BACKGROUND: POLG1 mutations have been associated to MELAS-like phenotypes. However given several clinical differences it is unknown whether POLG1 mutations are possible causes of MELAS or give raise to a distinct clinical and genetic entity, named POLG1-associated encephalopathy. CASE PRESENTATION: We describe a 74 years old man carrying POLG1 mutations presenting with strokes, myopathy and ragged red fibers with some atypical aspects for MELAS such as late onset, lack of cerebral calcification and presence of frontal and occipital MRI lesions better consistent with the POLG associated-encephalopathy spectrum. CONCLUSION: The lack of available data hampers a definite diagnosis in our patient as well as makes it difficult to compare MELAS, which is a clearly defined clinical syndrome, with POLG1-associated encephalopathy, which is so far a purely molecularly defined syndrome with a quite heterogeneous clinical picture. However, the present report contributes to expand the phenotypic spectrum of POLG1 mutations underlining the importance of searching POLG1 mutations in patients with mitochondrial signs and MELAS like phenotypes but negative for common mtDNA mutations.
Mitochondrial encephalomyopathy, lactic acidosis, and stroke-like episodes (MELAS) syndrome(1) is one of the most frequently inherited mitochondrial disorders. MELAS syndrome is a systemic disease with multiple organ involvement.(2) The most common mutation in MELAS is the m.3243A>G mutation in the MT-TL1 gene.(2).
The aim of this study was to investigate the clinically latent brain atrophy of patients with mitochondrial encephalopathy, lactic acidosis, and stroke-like episodes (MELAS) harboring a mitochondrial DNA A3243G mutation (A3243G) and A3243G carriers without stroke-like episodes (SEs).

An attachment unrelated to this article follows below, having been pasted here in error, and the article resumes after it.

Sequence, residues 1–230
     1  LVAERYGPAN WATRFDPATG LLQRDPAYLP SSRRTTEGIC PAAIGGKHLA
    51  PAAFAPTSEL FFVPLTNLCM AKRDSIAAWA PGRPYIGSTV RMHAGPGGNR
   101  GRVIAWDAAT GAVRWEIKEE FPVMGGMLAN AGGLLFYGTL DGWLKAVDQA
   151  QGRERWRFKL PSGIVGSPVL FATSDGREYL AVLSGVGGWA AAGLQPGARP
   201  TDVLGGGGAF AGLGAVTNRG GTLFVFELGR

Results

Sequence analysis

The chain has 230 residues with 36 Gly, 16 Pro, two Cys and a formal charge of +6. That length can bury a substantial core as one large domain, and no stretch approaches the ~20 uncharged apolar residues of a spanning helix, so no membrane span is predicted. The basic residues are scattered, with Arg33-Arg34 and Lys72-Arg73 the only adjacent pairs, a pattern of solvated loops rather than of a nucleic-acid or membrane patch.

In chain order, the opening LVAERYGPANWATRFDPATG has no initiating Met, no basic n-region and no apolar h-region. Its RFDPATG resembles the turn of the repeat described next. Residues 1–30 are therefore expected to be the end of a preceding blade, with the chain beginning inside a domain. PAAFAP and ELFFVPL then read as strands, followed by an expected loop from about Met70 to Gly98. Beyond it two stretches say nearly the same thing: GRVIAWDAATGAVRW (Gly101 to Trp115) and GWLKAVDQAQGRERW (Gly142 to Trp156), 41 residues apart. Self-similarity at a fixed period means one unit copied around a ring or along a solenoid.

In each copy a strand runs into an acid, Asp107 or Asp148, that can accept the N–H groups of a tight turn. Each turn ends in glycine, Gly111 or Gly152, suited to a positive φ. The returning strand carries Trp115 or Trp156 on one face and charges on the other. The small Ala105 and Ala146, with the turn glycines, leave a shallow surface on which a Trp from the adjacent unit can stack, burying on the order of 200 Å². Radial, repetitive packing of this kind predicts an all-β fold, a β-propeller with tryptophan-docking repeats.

The Mitochondrial tRNALeu (MT-TL1) mutation, m.3243A>G constitutes the commonest identified mitochondrial genome mutation. Characteristically, giving rise to MELAS (mitochondrial encephalopathy, lactic acidosis, and stroke-like episodes), a phenotypic spectrum associated with this genetic variant is now apparent. We report on the first patient with infantile hemiparesis, without comorbid encephalopathy, attributed to this variant. This further expands the recognized disease spectrum and highlights the need to consider mitochondrial genomic mutations in cases of cryptogenic focal neurological deficit in infancy. The potential for genetic disease modifiers is additionally discussed. © 2015 Wiley Periodicals, Inc.
The nucleotide change A to G at position m.3243 in the mitochondrial tRNA leucine (UUR) gene (MT-TL1) is the most common point mutation reported in association with the Mitochondrial Encephalomyopathy, Lactic Acidosis and Stroke-like episodes (MELAS) syndrome. Since the original description of this disorder, factors including random mitochondrial segregation and consequent variable tissue heteroplasmy are recognised to contribute to a much broader phenotypic spectrum associated with the MT-TL1 m.3243A>G mutation, often rendering the process of making a diagnosis complex. Reliance on clinicians' referral patterns means that for most molecular diagnostic laboratories, their positive identification rates for the common pathogenic mitochondrial DNA (mtDNA) mutations, including MT-TL1 m.3243A>G, is often relatively low compared to those reported in clinically targeted research studies. Herein, we report our results of consecutive prospective screening of 745 patients with a clinically suspected mitochondrial syndrome encompassing features associated with MT-TL1 m.3243A>G mutation.